A Pilot Study on Pacemaker Interference From Peripheral Nerve Stimulator for Regional Anesthesia
In this prospective pilot study, we proposed to evaluate the effects of left interscalene stimulation on cardiac pacemaker function.
The principle of the nerve stimulation technique consists of using a battery powered peripheral nerve stimulator to generate electrical stimuli through an insulated needle at appropriate anatomical locations. The electrical impulses then trigger depolarization as insulated needle approaches the target nerve bundles. Braun Stimuplex, a common nerve stimulator used for peripheral nerve localization, is currently being used in the United States and other countries. Previous studies have suggested it to be a reliable stimulator for the purpose of peripheral nerve blocks. The operational manual however indicated that this device should not be used in patients with cardiac pacemaker because malfunction of the pacemaker may occur. Literature search on the topic of pacemaker interference from peripheral nerve stimulator showed that there was one case of pacemaker interference caused by activation of a nerve stimulator, resulting in cardiac arrest in a patient with a fixed-rate ventricular pacemaker. Studies and case reports suggest that unipolar electrode seems to be most susceptible to interferences from electrosurgical equipment, TENS unit, spinal cord stimulators. Perhaps this is the reason why the manufacturer of the peripheral nerve stimulator recommends against the use of peripheral nerve stimulator in patients with pacemakers. With the advancements of modern pacemakers technology, it is our experience; interscalene nerve blocks and other peripheral nerve blocks using the nerve stimulator can be performed in patients with pacemakers without notable interferences with pacemaker functions and perhaps the initial recommendation by the peripheral nerve stimulator manufacturer can be modified. In this prospective pilot study, we proposed to evaluate the effects of left interscalene stimulation (most likely scenario to interfere with pacemaker function) by varying the configurations of the pacemaker leads (unipolar vs. bipolar pacer lead configuration) and by varying the positions of the positive electrode of the stimulator.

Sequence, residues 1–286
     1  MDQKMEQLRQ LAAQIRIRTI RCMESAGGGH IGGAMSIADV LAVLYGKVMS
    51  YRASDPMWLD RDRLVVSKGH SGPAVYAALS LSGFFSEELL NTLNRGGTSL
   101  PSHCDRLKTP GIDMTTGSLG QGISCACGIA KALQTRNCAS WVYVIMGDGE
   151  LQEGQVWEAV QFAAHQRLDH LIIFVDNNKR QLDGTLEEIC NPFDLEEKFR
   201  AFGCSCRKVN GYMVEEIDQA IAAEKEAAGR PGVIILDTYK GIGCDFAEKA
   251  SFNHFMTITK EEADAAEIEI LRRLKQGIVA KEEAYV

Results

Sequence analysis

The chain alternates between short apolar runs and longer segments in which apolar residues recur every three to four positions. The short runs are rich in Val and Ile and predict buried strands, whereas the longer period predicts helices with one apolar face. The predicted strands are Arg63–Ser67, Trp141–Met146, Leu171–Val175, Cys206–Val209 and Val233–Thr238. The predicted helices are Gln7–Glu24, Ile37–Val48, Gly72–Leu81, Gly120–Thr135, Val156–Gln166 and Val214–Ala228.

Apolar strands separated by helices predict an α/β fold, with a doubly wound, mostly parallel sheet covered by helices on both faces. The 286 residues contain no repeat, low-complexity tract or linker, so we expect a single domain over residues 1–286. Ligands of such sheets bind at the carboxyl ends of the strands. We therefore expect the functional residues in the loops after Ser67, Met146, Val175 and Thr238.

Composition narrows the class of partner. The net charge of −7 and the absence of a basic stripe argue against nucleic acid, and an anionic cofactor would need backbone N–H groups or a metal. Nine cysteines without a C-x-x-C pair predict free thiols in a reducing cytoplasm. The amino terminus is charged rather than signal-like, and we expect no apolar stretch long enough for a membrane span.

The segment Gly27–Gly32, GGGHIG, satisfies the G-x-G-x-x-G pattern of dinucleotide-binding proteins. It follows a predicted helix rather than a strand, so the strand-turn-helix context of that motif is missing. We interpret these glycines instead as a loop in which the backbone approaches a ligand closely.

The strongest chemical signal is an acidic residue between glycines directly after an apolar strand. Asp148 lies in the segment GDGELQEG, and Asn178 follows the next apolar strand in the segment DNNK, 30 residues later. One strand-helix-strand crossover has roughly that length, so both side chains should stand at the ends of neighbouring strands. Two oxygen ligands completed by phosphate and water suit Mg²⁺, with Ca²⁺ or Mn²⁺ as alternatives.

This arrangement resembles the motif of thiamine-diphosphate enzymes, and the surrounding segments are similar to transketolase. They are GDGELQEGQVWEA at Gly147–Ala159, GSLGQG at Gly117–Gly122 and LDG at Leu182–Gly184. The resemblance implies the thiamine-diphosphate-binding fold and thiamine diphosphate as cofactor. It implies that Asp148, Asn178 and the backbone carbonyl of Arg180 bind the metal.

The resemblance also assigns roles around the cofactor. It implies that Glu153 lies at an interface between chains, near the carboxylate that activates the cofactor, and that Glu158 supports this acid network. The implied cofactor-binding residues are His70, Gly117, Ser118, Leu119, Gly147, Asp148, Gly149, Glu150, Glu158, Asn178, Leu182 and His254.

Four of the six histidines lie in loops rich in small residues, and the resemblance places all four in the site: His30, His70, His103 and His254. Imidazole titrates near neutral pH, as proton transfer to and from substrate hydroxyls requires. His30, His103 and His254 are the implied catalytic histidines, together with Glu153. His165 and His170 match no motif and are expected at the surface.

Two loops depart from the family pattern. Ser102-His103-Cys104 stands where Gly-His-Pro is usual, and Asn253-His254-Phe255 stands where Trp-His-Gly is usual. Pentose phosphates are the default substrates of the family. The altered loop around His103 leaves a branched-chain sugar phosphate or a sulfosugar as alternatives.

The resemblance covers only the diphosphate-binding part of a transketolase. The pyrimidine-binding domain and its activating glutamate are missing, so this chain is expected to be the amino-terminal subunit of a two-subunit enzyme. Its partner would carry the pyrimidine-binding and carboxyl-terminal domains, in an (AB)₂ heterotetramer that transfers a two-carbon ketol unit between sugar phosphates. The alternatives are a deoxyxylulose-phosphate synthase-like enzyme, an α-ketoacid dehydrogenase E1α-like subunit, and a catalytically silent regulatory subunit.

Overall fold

Time Perspective: Prospective
Mayo Clinic Jacksonville
Results (where available)
- Source: http://clinicaltrials.gov/show/NCT00586248
- Information obtained from ClinicalTrials.gov on July 15, 2010
Medical and Biotech [MESH] Definitions
Cardiac Pacing, Artificial
Regulation of the rate of contraction of the heart muscles by an artificial pacemaker.
A device designed to stimulate, by electric impulses, contraction of the heart muscles. It may be temporary (external) or permanent (internal or internal-external).
Devices intended to replace non-functioning organs. They may be temporary or permanent. Since they are intended always to function as the natural organs they are replacing, they should be differentiated from PROSTHESES AND IMPLANTS and specific types of prostheses which, though also replacements for body parts, are frequently cosmetic (EYE, ARTIFICIAL) as well as functional (ARTIFICIAL LIMBS).
Any method of artificial breathing that employs mechanical or non-mechanical means to force the air into and out of the lungs. Artificial respiration or ventilation is used in individuals who have stopped breathing or have RESPIRATORY INSUFFICIENCY to increase their intake of oxygen (O2) and excretion of carbon dioxide (CO2).
The artificial substitution of heart and lung action as indicated for HEART ARREST resulting from electric shock, DROWNING, respiratory arrest, or other causes. The two major components of cardiopulmonary resuscitation are artificial ventilation (RESPIRATION, ARTIFICIAL) and closed-chest CARDIAC MASSAGE.
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